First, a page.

normalize ( vector V )
   return V/length(V);

Function calls use the traditional C syntax, except for the issues noted below.

Functions may return any of the basic types (float, color, point, vector, normal, matrix, string). Functions may not return arrays, though they may take arrays as parameters.

Function parameters are passed by reference; in other words, parameters are not copied into private areas of the function. Nevertheless, function parameters are not writable unless specified with the output keyword. For example:

normalize_inplace ( output vector V )
   V = V/length(V);

Functions in the Shading Language cannot be called recursively.

Functions may be polymorphic - that is, you may define multiple functions with the same name, as long as they take different types or numbers or arguments. Functions may even be polymorphic based on return type. For example:

snoise ( point p )
   return 2 * (float noise(p)) - 1;
float snoise( float s, float t )
   return 2 * (float noise(s,t)) - 1;
vector snoise(point p)
   return 2 * (vector noise(p)) - 1;

Functions may be declared anyplace that it is legal to declare a variable or have any other language statement, including inside the body of a shaders, inside another function, or inside any other code block. A function may only be called within the lexical scope in which it is declared, and only after its declaration (the same rules that apply to using a declared variables). The only data that functions may access are those passed as parameters, except for variables declared with the extern keyword, which indicates that the variable is in an outer scope rather than that local storage should be allocated. For example:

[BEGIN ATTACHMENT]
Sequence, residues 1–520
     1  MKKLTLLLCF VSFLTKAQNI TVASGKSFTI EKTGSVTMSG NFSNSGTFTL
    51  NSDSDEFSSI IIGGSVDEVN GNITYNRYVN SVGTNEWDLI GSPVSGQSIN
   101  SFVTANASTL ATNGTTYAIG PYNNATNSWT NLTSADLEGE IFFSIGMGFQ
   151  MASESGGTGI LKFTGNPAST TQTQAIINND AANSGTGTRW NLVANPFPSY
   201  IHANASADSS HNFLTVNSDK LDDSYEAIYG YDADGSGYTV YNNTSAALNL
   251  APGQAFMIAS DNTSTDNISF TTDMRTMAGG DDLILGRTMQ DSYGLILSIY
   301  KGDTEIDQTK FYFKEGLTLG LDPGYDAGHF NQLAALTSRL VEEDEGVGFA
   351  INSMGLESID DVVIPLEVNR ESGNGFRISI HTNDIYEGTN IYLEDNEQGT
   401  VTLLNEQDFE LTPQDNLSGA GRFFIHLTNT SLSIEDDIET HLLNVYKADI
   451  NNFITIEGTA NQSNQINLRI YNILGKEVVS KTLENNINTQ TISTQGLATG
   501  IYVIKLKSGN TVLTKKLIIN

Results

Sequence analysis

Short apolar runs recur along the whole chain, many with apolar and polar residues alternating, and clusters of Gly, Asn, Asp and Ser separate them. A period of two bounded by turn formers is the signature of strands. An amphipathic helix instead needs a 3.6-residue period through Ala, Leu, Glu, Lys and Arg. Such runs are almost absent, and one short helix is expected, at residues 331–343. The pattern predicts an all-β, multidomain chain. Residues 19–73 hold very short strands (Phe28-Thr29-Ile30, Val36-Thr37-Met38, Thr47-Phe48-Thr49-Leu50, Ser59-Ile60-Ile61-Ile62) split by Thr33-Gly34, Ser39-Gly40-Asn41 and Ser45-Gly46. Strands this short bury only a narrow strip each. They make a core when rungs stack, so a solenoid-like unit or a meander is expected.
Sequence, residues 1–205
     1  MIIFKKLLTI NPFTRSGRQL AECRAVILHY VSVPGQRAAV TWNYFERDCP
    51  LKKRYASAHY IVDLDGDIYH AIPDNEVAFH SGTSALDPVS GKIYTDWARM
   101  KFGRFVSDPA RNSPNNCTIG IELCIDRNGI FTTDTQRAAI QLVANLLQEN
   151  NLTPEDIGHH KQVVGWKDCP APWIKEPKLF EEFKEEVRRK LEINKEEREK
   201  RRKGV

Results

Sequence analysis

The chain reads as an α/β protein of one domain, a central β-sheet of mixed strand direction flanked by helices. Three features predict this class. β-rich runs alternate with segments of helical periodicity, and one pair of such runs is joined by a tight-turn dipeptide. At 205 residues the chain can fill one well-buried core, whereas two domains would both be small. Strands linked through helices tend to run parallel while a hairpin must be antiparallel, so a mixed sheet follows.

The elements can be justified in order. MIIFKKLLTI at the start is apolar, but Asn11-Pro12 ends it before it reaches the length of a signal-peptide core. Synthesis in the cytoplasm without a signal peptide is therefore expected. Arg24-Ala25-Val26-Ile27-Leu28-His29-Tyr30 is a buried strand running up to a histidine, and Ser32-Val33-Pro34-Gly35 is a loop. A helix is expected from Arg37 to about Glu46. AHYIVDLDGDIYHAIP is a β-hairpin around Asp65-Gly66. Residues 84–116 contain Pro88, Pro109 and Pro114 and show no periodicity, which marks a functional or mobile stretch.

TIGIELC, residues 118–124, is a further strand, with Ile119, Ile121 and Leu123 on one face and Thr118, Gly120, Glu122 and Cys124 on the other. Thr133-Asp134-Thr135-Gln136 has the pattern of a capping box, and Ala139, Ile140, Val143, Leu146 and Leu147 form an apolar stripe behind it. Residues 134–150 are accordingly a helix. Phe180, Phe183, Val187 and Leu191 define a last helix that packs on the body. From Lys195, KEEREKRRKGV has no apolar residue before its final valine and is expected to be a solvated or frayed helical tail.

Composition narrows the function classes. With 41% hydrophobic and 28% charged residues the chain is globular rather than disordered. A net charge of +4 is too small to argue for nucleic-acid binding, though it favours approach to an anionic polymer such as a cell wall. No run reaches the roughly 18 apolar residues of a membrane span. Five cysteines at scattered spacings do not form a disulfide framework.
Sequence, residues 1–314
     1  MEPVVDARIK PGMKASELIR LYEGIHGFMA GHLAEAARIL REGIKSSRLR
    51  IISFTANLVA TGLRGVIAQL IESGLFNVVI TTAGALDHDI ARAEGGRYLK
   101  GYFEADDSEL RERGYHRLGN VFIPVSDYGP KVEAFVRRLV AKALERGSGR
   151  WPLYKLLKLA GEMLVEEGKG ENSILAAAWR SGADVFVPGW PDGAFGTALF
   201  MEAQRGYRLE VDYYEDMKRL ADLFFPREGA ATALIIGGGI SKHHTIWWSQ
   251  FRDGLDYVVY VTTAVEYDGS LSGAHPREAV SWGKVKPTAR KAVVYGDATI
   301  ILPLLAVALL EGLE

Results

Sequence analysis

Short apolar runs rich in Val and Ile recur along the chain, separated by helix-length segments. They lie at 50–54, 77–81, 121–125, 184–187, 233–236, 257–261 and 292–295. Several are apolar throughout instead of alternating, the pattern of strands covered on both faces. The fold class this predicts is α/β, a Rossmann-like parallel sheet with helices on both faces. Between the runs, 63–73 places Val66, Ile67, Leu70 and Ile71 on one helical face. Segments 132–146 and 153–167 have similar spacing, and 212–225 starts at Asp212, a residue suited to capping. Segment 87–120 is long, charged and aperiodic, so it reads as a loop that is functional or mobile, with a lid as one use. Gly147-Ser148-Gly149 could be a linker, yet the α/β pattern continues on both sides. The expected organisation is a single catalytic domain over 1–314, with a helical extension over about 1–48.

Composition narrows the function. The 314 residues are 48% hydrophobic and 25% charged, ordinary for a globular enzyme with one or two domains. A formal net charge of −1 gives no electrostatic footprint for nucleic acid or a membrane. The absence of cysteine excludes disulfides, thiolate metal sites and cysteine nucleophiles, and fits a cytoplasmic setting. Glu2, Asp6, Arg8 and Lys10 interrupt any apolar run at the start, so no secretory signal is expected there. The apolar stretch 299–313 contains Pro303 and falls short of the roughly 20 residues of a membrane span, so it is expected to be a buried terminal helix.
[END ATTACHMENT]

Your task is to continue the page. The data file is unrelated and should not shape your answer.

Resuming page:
surface mysurf ( float Knoise = 0.5; ) /* parameter */
   color shadernoise (point p)
     extern float Knoise;
     return Knoise * color noise(transform("shader", p));
  /* code for the shader */
  Ci = shadernoise(P) * diffuse(faceforward(normalize(N),I));

Shader Class Definitions

Shaders can also be declared as class definitions with member variables and multiple methods. For example, here is the outline of a shader that defines both displacement and surface methods, along with a member variable that allows the surface method to avoid repeating a texture lookup that is performed by the displacement method:

class myshader(string mapname="", ...)
    varying color Ct = (1,1,1);

    public void displacement(output point P; output normal N) {
        if (mapnamp != "")
            Ct = texture(mapname, ...);
    public void surface(output color Ci, Oi) {
        Ci = Ct * ... ;

The sections below describe the syntax of shader class definitions in more detail. For a broader discussion, see the Shader Objects and Co-Shaders application note.

Method definitions

A method definition looks like a function definition, but is preceded by the public keyword. Methods that are called by the renderer must define certain arguments. For example, an RiSurface shader can define these methods:

public void displacement(output point P; output normal N);
public void opacity(output color Oi);
public void surface(output color Ci, Oi);

and the following method can be defined by RiAtmosphere, RiInterior and RiExterior shaders:

public void volume(output color Ci, Oi);